Inside a modest garment factory at 202 Centre Street in Chinatown, sumptuous organza gowns in the rich colors of eggplants and plums hang on a rack, destined for a chain of bridal shops. These fairy-tale frocks, once purchased, will make their debuts at weddings and parties all around the city this winter, while the workers who pressed the silk and stitched the hems may lose their jobs if their factory is evicted.
The owners of Fortune Gardens Fashion Inc., formerly MJM Fashion Inc., are facing a lawsuit filed by the owners of the building at 202 Centre Street for payment of back rent. If the court decides in favor of the landlords, Fortune Gardens’ owners will have to pay $24,000, a huge financial blow that will probably shut down the company, because the factory is now bringing in only half the earnings it made last winter. At a time when the local economic outlook is poor and Chinatown’s situation even worse, and after years of competition from cheap foreign labor that have seriously hurt the domestic market, the 40 workers at Fortune Gardens who stand to lose their livelihood will be hard-pressed to find other garment jobs anytime soon in Chinatown. They are more likely to become part of the growing number of unemployed Chinese immigrants in New York.
Tao Bai, a middle-aged woman with a shag haircut that, combined with her round face, gives her a guileless appearance, hems a long piece of yellow silk at a sewing station. As she works, she chatters loudly in Cantonese over the noise of the sewing machines and the competing strains of Chinese pop music coming from a stereo. Bai immigrated from mainland China eight years ago and has worked in the garment industry for three years. The holiday season is usually the busiest of the year in the garment industry, and Bai knew that the ever smaller orders trickling in from manufacturers last month were a bad omen.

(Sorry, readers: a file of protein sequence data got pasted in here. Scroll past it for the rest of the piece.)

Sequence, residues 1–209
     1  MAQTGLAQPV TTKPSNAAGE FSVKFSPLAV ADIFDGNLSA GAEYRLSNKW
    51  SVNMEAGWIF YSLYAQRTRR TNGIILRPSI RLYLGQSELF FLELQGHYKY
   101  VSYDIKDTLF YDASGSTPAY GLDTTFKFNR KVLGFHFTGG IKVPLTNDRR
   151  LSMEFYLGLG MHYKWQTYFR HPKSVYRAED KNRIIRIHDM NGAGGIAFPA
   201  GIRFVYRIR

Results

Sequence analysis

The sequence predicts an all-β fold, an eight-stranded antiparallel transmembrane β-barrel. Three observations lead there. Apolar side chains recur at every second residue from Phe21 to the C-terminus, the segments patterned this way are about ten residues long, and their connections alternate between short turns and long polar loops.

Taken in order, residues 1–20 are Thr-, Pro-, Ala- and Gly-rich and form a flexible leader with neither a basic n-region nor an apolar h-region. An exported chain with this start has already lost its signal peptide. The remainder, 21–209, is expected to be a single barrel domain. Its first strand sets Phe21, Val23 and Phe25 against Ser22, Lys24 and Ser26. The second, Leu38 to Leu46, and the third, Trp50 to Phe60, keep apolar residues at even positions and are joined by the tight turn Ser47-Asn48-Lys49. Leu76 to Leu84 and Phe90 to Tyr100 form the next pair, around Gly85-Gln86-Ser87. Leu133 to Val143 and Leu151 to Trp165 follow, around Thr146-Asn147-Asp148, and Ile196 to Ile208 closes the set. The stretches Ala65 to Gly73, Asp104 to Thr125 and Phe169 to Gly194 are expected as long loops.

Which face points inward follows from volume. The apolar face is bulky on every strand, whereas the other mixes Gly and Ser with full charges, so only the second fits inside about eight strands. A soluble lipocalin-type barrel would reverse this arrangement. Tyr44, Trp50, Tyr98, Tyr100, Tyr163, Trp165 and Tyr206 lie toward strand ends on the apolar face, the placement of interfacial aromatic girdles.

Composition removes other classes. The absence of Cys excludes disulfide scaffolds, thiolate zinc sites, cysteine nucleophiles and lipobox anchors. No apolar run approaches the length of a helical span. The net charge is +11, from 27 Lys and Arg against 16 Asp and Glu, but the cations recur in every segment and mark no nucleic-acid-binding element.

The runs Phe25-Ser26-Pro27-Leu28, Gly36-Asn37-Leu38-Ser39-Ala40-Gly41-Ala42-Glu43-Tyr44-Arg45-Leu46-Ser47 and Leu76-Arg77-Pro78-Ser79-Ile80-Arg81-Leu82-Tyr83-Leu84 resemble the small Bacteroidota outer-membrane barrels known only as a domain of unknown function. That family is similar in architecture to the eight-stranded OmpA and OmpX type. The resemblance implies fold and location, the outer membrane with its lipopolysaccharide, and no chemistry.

Her only professional skills come from the garment industry. Speaking through a translator, Bai says that if she loses her job, she can’t leave New York to look for another because she doesn’t know English; she doesn’t want to leave Chinatown, and she “doesn’t know how to take a train.” Manhattan’s Chinatown is famously insular; immigrants like Bai can live and work there for years without needing to learn English, an advantage that becomes a liability when the job market tightens in the ethnic enclave.
Judy Wu, secretary of Fortune Gardens, says the workers are on good terms with the manager, unusual in an industry notorious for workers’ rights abuse. Wu says that even though their workweek has been downsized from five days to one or two days a week, the workers “still come in. They don’t want to leave. That’s why they don’t want my boss close the factory.” Their loyalty is pragmatic—when there is no other work, long lines of unemployed garment workers wait to take their place.
Jimmy Shek and Hung Luk, two of the owners of the building, say this case is simply a matter of owing rent payment. “Actually, this is a tenant and landlord relationship. We know them for long time. And we have no intention to try to push them out,” Shek says. “We have mortgage to pay. We have a budget. Suddenly they short pay, so what we going to do?”
Shek and Luk claim that the total monthly rent of the building’s fourth floor, where Fortune Gardens is located, is $5500, while Danny Tsui, the factory manager, says that it is only $3800. Fortune Gardens had paid $5500 monthly from September 1997 to October 2000, whereupon the lease was examined by a lawyer, who told Tsui that the business was overpaying. Now Shek and Luk say that Tsui owes the additional $1700 monthly from last October, and are suing for collection.